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Links for January 1st through January 12th:
- Amazon Launches iPad Kindle Store to Dodge Apple’s Restrictions [RWW] – Amazon launches even further into Apple’s regulated home turf: “Amazon has launched a more touch-friendly, Web-based iPad Kindle Store. A tablet-optimized Kindle store was available through the HTML5 Kindle Cloud Reader Amazon launched last August, but the new iPad Kindle Store is a standalone Web app. Upon visiting amazon.com/iPadKindleStore from Safari, a pop-up prompts the user to add it to the home screen. This is the most seamless way for Kindle users to buy books on the iPad. Apple’s in-app purchasing rules prevent e-book sellers from offering stores in their native apps (without giving Apple a 30% cut). The route around that was to include a link to the Web store inside the native reader app. Last July, Apple forced Amazon and other e-reader apps to remove this link, so users of e-book platforms other than Apple’s iBooks must buy their books in the browser, in a separate place from where they read.”
- Search, plus Your World [Inside Google Search]– Google adds more personalisation with “Search, plus Your World” which heavily (but OPTIONALLY) integrates Google+ and other social search results into the first page results when searching Google (if signed in to Google+).Twitter (and presumably Facebook) are unhappy since this competes with their social search roles, but Google have responded that this seems a bit rich since Twitter refused to let Google pay to index Twitter in realtime.
- Angry Birds named most downloaded paid app [Think Digit] – “Rovio’s Angry Birds has been named the most downloaded paid app for the smartphones and tablets in 2011. According to research firm Distimo, Angry Birds was downloaded more than any other application across all major operating systems including Android, iOS, Windows Phone and others. The only platform missing out on the list is BlackBerry. However, the game was recently made available on the BlackBerry’s App World. Angry Birds was followed by Fruit Ninja, while another variant of Angry Birds, Angry Birds Season grabbed the third spot on the list of the paid apps for the year 2011. Among the free apps, Facebook grabbed the top spot, while Pandora Radio followed at the second spot. The free versions of Word with Friends and Angry Birds remained on third and fourth position respectively. The Distimo report covers data collected from January to November 2011. The report has various notable findings such as Apple App Store has four times more revenue than Google’s Android Market.”
- Digital Music Sales Surpass Physical Music Sales For the First Time Ever [Moneyland | TIME.com] – “Last year, for the first time in history, digital music sales exceeded physical sales, according to a newly released Nielsen/Billboard report cited by CNNMoney. In 2011, digital music sales climbed past physical sales to take a 50.3% market share of all music purchases. In a continuation of a multi-year trend, digital sales increased by 8.4% from 2010, while physical sales declined 5%.
In the decade since Apple launched its iTunes music store, a host of digital music ventures have appeared, with varying degrees of success. iTunes remains the market leader but faces increasing competition from upstarts like Rdio, Spotify and Pandora, which went public earlier this year.”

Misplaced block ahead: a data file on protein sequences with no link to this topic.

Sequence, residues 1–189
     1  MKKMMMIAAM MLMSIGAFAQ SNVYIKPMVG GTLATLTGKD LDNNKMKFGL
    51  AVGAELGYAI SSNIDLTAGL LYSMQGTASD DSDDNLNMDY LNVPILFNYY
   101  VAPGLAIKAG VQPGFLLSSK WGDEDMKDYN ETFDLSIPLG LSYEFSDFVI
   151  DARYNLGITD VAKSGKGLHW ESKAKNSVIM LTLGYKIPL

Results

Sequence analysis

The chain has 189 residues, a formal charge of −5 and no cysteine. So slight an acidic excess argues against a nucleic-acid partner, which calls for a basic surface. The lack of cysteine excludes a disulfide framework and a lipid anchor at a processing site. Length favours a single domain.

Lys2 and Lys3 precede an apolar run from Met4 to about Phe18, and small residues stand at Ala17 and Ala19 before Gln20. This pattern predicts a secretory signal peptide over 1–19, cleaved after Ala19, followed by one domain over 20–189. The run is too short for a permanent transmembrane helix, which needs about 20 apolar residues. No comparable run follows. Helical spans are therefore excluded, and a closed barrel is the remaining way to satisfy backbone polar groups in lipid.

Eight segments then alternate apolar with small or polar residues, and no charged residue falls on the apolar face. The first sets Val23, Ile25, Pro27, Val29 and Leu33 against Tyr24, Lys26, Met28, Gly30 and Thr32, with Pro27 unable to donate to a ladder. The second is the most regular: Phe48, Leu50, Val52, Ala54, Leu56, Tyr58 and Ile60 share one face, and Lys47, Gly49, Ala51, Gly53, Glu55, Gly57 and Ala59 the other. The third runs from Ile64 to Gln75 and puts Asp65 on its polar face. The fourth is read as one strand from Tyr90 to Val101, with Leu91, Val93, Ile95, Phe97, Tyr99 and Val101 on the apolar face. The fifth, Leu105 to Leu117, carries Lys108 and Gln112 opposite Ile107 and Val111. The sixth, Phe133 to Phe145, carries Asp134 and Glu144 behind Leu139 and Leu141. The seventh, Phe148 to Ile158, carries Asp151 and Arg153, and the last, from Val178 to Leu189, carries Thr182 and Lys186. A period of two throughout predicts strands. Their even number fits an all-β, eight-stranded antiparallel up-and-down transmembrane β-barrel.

- Angry Birds bags 6.5m Christmas Day downloads [guardian.co.uk] – Rovio Mobile says its three Angry Birds games generated 6.5m downloads on Christmas Day alone. The company’s vice president of franchise development Ville Heijari revealed the milestone to All Things Digital, while promising new games in the year ahead. “We’re really excited to have such a massive number of new people get acquainted with Angry Birds over the holidays – we have exciting new releases lined up for 2012, and can’t wait to introduce them to the public,” said Heijari. He did not break down the 6.5m figure by game – Angry Birds, Angry Birds Seasons and Angry Birds Rio are the three available titles – nor did he split them out by platform. While the lion’s share are likely to have come from iOS and Android, Angry Birds is also available on Windows Phone, while all three games are available for Nokia handsets and RIM’s BlackBerry PlayBook tablet.” Angry Birds was downloaded more than 600 million times in 2011, with over a million branded toy and shirt sales each month.
- Facebook Blamed For a Third of British Divorces [MediaCity] – “So Facebook is again at the other end of the blame-hammer, this time for precipitating about a third of divorces in Britain. The stats come from a website- the UK’s Divorce-Online, and cull stats from 5,000 divorce petitions. The same stats were pulled in 2009, and at that time, Facebook made an appearance in 20% of the petitions. Infidelity-related complaints were a forerunner, along with using Facebook walls to make nasty comments about soon to be exes.”
- The PostSecret App is Now Closed [PostSecret] – The PostSecret App (iPhone/iPad) closes after anonymous posts and comments prove unmanageable as part of a confessional community. (The closed app is now dubbed an “experimental community” that failed. Despite being a paid app, there is no mention, or apology, to those who paid for it in good faith.) From the PostSecret blog: “Like the PostSecret Blog, the App was designed so each secret was absolutely anonymous. Unfortunately, that absolute anonymity made it very challenging to permanently remove determined users with malicious intent. 99% of the secrets created were in the spirit of PostSecret. Unfortunately, the scale of secrets was so large that even 1% of bad content was overwhelming for our dedicated team of volunteer moderators who worked 24 hours a day 7 days a week removing content that was not just pornographic but also gruesome and at times threatening.”